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Dynamics of Income Distribution across Chinese Provinces during 1978-98

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  • Hong Li
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    Abstract

    This study attempts to examine the growth pattern of China's economy during 1978-98 from the perspective of income distribution dynamics. Motivated by the model of dynamic distribution, a transition matrix is derived from a panel of ratios of provincial real incomes to national averages across 30 provinces over 1978-98. The transition matrix is used not only to reveal the transitions of provinces between the states of income over time, but also to predict whether there is a tendency across provinces to converge in real income per worker in the long run. This study finds evidence of a slight reduction of income dispersion across Chinese provinces over 1978-98. However, the slight reduction of income dispersion is not strong enough for the provinces to converge to mean income. But there is a strong tendency to converge across provinces within regions and it is evident that, in the eastern region, poor provinces caught up with rich ones over the period under study. The long-run distribution indicates that there will not be a tendency to converge in real GDP per capita across provinces in the long run.

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    File URL: http://www.tandfonline.com/doi/abs/10.1080/1476528032000066703C
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    Bibliographic Info

    Article provided by Taylor & Francis Journals in its journal Journal of Chinese Economic and Business Studies.

    Volume (Year): 1 (2003)
    Issue (Month): 2 ()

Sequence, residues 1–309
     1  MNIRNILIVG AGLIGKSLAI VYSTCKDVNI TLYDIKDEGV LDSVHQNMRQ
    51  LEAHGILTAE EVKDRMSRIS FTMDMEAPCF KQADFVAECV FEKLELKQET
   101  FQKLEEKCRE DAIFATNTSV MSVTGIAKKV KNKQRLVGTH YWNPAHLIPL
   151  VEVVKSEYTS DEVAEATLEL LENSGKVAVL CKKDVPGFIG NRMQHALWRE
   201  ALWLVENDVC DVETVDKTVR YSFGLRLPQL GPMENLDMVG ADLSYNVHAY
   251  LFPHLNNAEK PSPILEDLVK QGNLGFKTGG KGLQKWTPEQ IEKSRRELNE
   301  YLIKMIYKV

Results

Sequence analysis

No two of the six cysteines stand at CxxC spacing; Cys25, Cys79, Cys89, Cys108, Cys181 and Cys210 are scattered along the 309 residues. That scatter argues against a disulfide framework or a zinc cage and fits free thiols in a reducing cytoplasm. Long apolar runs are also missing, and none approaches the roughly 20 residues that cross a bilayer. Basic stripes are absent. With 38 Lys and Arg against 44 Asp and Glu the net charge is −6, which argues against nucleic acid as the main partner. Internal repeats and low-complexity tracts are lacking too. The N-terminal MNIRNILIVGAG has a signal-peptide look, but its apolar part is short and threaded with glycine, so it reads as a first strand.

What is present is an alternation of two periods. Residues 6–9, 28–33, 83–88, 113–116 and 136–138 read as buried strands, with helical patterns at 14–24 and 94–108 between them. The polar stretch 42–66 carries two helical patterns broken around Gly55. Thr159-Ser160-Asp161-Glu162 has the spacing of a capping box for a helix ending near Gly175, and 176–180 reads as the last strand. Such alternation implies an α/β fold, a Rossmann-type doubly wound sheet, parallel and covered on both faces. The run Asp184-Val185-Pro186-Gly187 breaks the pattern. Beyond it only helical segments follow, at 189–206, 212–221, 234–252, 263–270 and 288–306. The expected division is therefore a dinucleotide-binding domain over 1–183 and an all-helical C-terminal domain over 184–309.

Pages: 145-157

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    Handle: RePEc:taf:jocebs:v:1:y:2003:i:2:p:145-157

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    Keywords: China; Convergence; Dynamics; Income Distribution;

    References

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    1. Quah, Danny T, 1996. "Twin Peaks: Growth and Convergence in Models of Distribution Dynamics," Economic Journal, Royal Economic Society, vol. 106(437), pages 1045-55, July.
    2. Quah, Danny, 1993. "Empirical cross-section dynamics in economic growth," European Economic Review, Elsevier, vol. 37(2-3), pages 426-434, April.
    3. Danny Quah, 1996. "Twin Peaks: Growth and Convergence in Models of Distribution Dynamics," CEP Discussion Papers dp0280, Centre for Economic Performance, LSE.
    4. Loury, Glenn C, 1981. "Intergenerational Transfers and the Distribution of Earnings," Econometrica, Econometric Society, vol. 49(4), pages 843-67, June.
    5. Tianlun Jian & Jeffrey D. Sachs & Andrew M. Warner, 1996. "Trends in Regional Inequality in China," NBER Working Papers 5412, National Bureau of Economic Research, Inc.
    6. Chen, Jian & Fleisher, Belton M., 1996. "Regional Income Inequality and Economic Growth in China," Journal of Comparative Economics, Elsevier, vol. 22(2), pages 141-164, April.
    7. Jian, Tianlun & Sachs, Jeffrey D. & Warner, Andrew M., 1996. "Trends in regional inequality in China," China Economic Review, Elsevier, vol. 7(1), pages 1-21.
    8. Quah, Danny T., 1996. "Empirics for economic growth and convergence," European Economic Review, Elsevier, vol. 40(6), pages 1353-1375, June.
    9. Quah, Danny, 1997. "Empirics for Growth and Distribution: Stratification, Polarization, and Convergence Clubs," CEPR Discussion Papers 1586, C.E.P.R. Discussion Papers.
    10. Li, Hong & Liu, Zinan & Rebelo, Ivonia, 1998. " Testing the Neoclassical Theory of Economic Growth: Evidence from Chinese Provinces," Economic Change and Restructuring, Springer, vol. 31(2-3), pages 117-32.
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    Cited by:
    1. Tsun Se Cheong & Yanrui Wu, 2012. "Regional Disparity, Transitional Dynamics and Convergence in China," Economics Discussion / Working Papers 12-23, The University of Western Australia, Department of Economics.

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